Tony Pearson is a Master Inventor and Senior IT Architect for the IBM Storage product line at the
IBM Systems Client Experience Center in Tucson Arizona, and featured contributor
to IBM's developerWorks. In 2016, Tony celebrates his 30th year anniversary with IBM Storage. He is
author of the Inside System Storage series of books. This blog is for the open exchange of ideas relating to storage and storage networking hardware, software and services.
(Short URL for this blog: ibm.co/Pearson )
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It's that time again. Every year, IBM hosts the "System Storage Technical University". I have been going to these since they first started in the 1990s. This time we are at the lovely [Hilton Orlando] in Orlando, Florida.
For those who want to relive past events, here are my blog posts from this event in 2010:
As was the case last year, IBM once again will run this conference alongside the [IBM System x Technical University] the same week, in the same hotel. This allows attendees to cross over to the other side to see a few sessions of the other conference. I took advantage of this last year, and plan to do so again this year as well!
For those on Twitter, you can follow my tweets at [@az990tony] or search on the hash tag #ibmtechu.
Continuing my week in Chicago for the IBM Storage and Storage Networking Symposium and System x and BladeCenter Technical Conference, I presented a variety of topics.
Hybrid Storage for a Green Data Center
The cost of power and cooling has risen to be a #1 concern among data centers. I presented the following hybrid storage solutions that combine disk with tape. These provide the best of both worlds, the high performance access time of disk with the lower costs and reduced energy consumption of tape.
IBM [System Storage DR550] - IBM's Non-erasable, Non-rewriteable (NENR) storage for archive and compliance data retention
IBM Grid Medical Archive Solution [GMAS] - IBM's multi-site grid storage for PACS applications and electronic medical records[EMR]
IBM Scale-out File Services [SoFS] - IBM's scalable NAS solution that combines a global name space with a clustered GPFS file system, serving as the ideal basis for IBM's own[Cloud Computing and Storage] offerings
Not only do these help reduce energy costs, they provide an overall lower total cost of ownership (TCO) thantraditional WORM optical or disk-only storage configurations.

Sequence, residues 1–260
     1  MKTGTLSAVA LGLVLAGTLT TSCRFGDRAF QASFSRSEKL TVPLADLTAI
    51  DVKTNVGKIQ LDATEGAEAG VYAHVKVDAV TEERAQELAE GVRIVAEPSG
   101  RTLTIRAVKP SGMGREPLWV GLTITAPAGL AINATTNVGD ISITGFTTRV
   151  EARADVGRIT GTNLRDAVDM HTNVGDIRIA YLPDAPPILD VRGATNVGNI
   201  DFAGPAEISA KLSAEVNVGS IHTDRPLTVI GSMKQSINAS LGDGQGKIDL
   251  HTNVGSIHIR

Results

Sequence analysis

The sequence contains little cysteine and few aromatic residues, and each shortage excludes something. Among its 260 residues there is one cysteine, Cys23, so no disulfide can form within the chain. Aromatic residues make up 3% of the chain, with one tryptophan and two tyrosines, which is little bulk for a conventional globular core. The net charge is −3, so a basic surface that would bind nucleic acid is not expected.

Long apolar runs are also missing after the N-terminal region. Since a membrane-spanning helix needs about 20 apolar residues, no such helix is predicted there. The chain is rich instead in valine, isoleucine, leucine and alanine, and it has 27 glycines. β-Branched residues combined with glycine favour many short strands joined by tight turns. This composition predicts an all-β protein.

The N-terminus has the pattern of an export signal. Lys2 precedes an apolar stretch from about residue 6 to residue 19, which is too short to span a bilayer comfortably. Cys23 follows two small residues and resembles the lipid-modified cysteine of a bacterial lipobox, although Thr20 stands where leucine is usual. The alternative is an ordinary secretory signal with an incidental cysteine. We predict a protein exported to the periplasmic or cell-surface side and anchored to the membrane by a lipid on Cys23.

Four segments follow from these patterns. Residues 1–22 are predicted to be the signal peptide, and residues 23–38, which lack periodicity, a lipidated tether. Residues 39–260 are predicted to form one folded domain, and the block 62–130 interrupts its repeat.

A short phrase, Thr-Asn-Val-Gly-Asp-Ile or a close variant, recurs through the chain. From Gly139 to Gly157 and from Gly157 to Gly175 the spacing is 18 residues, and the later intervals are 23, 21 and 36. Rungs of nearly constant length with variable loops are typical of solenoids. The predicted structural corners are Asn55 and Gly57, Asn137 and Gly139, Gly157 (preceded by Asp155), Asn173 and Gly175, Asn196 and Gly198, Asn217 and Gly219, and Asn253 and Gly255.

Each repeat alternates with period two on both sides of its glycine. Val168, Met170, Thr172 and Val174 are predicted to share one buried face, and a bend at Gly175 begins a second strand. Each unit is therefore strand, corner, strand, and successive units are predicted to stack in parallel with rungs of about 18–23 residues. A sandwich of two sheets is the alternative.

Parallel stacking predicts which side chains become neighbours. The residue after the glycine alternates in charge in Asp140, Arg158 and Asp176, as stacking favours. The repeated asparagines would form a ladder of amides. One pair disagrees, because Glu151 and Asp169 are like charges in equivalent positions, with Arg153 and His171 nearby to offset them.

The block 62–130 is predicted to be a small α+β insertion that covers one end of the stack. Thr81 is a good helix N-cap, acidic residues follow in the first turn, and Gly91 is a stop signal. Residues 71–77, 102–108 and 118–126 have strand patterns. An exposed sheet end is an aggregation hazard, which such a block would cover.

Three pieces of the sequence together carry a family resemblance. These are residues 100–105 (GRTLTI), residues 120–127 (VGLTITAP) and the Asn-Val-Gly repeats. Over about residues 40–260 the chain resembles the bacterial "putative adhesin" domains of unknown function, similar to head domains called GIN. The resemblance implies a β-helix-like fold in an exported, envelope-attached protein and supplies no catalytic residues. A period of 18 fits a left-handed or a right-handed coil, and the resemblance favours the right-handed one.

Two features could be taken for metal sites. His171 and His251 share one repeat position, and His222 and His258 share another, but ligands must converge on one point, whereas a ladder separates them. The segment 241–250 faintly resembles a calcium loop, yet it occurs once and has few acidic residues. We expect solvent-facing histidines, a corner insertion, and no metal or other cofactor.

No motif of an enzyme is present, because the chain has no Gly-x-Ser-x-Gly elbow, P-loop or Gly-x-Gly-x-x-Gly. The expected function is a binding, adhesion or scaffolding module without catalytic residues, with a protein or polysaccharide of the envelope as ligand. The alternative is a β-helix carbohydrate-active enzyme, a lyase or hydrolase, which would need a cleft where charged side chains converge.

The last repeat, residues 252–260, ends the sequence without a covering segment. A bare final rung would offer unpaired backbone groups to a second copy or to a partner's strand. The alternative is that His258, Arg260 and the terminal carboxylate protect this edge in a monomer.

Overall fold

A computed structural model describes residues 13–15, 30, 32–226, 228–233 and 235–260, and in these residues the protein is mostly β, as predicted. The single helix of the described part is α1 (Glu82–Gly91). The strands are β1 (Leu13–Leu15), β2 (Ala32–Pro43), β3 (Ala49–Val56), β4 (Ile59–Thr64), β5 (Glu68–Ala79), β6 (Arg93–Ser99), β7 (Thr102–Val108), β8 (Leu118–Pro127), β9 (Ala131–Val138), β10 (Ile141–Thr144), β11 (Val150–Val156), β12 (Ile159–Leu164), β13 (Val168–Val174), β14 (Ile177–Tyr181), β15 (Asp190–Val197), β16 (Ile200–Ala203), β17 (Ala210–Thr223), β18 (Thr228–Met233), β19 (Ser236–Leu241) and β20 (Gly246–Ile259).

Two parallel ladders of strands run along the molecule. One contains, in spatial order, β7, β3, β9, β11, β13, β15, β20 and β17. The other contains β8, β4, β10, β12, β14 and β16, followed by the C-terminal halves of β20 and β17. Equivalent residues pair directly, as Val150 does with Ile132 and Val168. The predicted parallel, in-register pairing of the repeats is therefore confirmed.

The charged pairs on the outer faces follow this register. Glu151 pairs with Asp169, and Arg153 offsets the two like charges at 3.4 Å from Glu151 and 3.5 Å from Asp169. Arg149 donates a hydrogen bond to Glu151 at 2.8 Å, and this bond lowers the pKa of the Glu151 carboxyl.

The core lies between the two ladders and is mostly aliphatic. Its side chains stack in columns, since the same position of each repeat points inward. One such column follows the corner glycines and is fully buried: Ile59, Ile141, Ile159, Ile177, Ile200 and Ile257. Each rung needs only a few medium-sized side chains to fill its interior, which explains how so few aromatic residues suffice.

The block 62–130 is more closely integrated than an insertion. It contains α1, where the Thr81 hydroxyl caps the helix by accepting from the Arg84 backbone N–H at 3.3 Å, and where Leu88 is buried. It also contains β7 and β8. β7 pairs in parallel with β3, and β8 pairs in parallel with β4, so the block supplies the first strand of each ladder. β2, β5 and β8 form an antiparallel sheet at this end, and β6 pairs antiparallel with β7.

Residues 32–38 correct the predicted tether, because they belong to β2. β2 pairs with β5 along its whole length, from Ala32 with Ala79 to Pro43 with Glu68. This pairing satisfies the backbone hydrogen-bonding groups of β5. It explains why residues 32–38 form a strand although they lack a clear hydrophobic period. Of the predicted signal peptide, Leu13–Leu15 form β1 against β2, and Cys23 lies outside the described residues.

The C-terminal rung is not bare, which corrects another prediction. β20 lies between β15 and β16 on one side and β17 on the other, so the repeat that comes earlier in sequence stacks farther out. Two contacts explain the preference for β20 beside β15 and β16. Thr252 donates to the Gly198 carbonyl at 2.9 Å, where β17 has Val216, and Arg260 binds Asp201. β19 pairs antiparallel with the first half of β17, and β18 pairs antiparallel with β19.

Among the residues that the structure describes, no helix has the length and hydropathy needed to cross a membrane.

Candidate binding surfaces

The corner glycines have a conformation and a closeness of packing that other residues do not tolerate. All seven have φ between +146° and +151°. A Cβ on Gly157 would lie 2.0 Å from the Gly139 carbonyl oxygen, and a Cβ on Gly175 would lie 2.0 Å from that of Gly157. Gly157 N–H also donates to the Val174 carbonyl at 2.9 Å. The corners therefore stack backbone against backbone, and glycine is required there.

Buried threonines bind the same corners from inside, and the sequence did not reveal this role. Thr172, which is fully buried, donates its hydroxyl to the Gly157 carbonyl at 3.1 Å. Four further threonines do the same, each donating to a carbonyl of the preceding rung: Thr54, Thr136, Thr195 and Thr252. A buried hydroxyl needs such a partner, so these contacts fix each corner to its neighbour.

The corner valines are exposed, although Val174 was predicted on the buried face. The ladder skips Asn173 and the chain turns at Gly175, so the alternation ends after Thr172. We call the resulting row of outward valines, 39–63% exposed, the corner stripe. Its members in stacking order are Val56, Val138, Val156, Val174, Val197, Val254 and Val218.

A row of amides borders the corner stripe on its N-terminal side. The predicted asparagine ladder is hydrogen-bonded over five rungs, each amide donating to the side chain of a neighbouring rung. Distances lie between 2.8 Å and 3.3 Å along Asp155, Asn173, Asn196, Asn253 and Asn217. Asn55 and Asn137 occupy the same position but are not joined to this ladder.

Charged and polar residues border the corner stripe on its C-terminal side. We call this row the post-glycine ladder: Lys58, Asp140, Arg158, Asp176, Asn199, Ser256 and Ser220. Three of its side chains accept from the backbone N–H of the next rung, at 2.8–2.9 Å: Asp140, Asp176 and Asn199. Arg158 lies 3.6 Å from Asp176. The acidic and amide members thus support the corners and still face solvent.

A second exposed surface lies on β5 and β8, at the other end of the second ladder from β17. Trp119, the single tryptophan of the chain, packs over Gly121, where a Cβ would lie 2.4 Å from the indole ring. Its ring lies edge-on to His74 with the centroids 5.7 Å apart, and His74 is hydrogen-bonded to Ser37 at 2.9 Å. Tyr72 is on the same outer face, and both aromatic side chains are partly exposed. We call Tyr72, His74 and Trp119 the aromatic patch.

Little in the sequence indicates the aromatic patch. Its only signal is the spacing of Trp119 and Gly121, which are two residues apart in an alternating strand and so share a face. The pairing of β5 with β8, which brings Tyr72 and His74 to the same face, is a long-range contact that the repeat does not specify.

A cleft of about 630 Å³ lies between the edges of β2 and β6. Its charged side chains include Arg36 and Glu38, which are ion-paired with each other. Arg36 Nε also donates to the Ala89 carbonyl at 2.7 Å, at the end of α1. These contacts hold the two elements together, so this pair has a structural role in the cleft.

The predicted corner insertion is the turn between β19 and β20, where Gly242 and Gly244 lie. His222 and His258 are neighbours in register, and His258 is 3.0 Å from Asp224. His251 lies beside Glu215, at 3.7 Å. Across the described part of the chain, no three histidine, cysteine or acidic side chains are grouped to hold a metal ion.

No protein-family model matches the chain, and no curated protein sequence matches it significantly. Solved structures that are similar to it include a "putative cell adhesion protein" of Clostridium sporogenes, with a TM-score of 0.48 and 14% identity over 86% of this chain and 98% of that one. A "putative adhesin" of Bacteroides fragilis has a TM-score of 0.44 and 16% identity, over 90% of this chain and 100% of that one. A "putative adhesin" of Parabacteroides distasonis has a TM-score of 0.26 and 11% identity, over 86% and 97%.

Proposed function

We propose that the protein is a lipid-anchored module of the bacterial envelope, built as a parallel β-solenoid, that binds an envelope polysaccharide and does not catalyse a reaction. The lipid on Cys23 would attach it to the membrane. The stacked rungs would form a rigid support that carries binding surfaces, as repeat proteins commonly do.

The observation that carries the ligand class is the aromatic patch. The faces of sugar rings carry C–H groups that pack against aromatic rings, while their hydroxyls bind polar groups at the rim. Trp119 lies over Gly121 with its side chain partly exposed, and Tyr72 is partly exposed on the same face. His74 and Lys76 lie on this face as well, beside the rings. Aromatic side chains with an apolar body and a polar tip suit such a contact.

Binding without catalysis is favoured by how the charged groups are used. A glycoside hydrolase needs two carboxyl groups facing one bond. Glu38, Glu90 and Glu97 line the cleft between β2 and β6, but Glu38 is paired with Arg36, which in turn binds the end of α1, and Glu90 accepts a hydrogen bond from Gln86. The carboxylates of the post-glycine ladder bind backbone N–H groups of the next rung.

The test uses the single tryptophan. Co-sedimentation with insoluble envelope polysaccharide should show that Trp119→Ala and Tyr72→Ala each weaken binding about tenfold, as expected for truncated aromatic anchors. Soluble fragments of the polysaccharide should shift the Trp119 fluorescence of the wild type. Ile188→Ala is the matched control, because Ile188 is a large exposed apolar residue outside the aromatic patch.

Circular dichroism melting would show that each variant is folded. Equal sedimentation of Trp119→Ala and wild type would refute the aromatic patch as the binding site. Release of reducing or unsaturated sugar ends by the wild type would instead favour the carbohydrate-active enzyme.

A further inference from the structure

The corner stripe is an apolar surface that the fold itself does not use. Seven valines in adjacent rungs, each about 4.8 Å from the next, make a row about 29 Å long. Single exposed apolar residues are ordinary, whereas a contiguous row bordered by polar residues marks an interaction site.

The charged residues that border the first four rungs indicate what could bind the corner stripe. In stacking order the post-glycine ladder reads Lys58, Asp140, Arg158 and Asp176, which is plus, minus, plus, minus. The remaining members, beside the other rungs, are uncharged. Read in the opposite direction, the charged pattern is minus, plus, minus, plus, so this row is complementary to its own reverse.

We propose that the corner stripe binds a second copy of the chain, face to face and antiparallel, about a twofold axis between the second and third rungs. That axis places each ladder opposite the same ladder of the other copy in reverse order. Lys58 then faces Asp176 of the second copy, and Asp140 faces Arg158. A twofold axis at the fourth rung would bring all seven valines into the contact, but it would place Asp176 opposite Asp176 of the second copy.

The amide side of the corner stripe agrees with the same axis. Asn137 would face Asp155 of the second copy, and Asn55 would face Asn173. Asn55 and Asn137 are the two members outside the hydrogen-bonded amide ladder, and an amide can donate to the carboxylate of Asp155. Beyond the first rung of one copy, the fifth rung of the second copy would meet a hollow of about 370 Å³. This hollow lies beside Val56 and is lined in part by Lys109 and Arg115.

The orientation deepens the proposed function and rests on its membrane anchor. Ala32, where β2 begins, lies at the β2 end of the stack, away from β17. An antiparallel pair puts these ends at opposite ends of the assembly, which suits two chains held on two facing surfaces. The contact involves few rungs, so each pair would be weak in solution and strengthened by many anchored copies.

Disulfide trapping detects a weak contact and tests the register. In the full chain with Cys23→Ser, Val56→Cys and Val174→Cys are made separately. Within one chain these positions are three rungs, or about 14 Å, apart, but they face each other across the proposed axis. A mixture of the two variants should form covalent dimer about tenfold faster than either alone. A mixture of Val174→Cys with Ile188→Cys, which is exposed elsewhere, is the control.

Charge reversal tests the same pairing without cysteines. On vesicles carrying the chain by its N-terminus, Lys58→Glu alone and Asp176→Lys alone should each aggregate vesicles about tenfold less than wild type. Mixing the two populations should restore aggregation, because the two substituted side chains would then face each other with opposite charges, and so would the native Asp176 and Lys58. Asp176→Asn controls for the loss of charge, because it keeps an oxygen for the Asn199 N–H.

The Convergence of Networks - Understanding SAN, NAS and iSCSI in the Data Center Network
This turned out to be my most popular session. Many companies are at a crossroads in choosing data and storage networking solutions in light of recent announcements from IBM and others. In the span of 75 minutes, I covered:
Block storage concepts, storage virtualization and RAID levels
File system concepts, how file systems map files to block storage
Network Attach Storage, the history of the NFS and CIFS protocols, Pros and Cons of using NAS
Storage Area Networks, the history of SAN protocols including ESCON, FICON and FCP, Pros and Cons of using SAN
IP SAN technologies, iSCSI and Fibre Channel over Ethernet (FCoE), Pros and Cons of using this approach
Network Convergence with Infiniband and Fibre Channel over Convergence Enhanced Ethernet (FCoCEE), why Infiniband was not adopted historically in the marketplace as a storage protocol, and the features and enhancements of Convergence Enhanced Ethernet (CEE) needed to merge NAS, SAN and iSCSI traffic onto a single converged data center network [DCN]
Yes, it was a lot of information to cover, but I managed to get it done on time.
IBM Tivoli Storage Productivity Center version 4.1 Overview and Update
In conferences like these, there are two types of product-level presentations. An "Overview" explains howproducts work today to those who are not familiar with it. An "Update" explains what's new in this version of the product for those who are already familiar with previous releases. I decided to combine these into one sessionfor IBM's new version of [Tivoli Storage Productivity Center].I was one of the original lead architects of this product many years ago, and was able to share many personalexperiences about its evolution in development and in the field at client facilities.Analysts have repeatedly rated IBM Productivity Center as one of the top Storage Resource Management (SRM) tools available in the marketplace.
Information Lifecycle Management (ILM) Overview
Can you believe I have been doing ILM since 1986? I was the lead architect for DFSMS which provides ILM support for z/OS mainframes. In 2003-2005, I spent 18 months in the field performingILM assessments for clients, and now there are dozens of IBM practitioners in Global Technology Services andSTG Lab Services that do this full time. This is a topic I cover frequently at the IBM Executive Briefing Center[EBC], because it addressesseveral top business challenges:
Reducing costs and simplifying management
Improving efficiency of personnel and application workloads
Managing risks and regulatory compliance
IBM has a solution based on five "entry points". The advantage of this approach is that it allows our consultants to craft the right solution to meet the specific requirements of each client situation. These entry points are:
Tiered Information Infrastructure - we don't limit ourselves to just "Tiered Storage" as storage is only part of a complete[information infrastructure] of servers,networks and storage
Storage Optimization and Virtualization - including virtual disk, virtual tape and virtual file solutions
Process Enhancement and Automation - an important part of ILM are the policies and procedures, such as IT Infrastructure Library [ITIL] best practices
Archive and Retention - space management and data retention solutions for email, database and file systems
I did not get as many attendees as I had hoped for this last one, as I was competing head-to-head in the same time slot as Lee La Frese covering IBM's DS8000 performance with Solid State Disk (SSD) drives, John Sing covering Cloud Computing and Storage with SoFS, and Eric Kern covering IBM Cloudburst.
I am glad that I was able to make all of my presentations at the beginning of the week, so that I can then sit back and enjoy the rest of the sessions as a pure attendee.
Well, I am back from Las Vegas, and had a pleasant [US Memorial Day] holiday yesterday.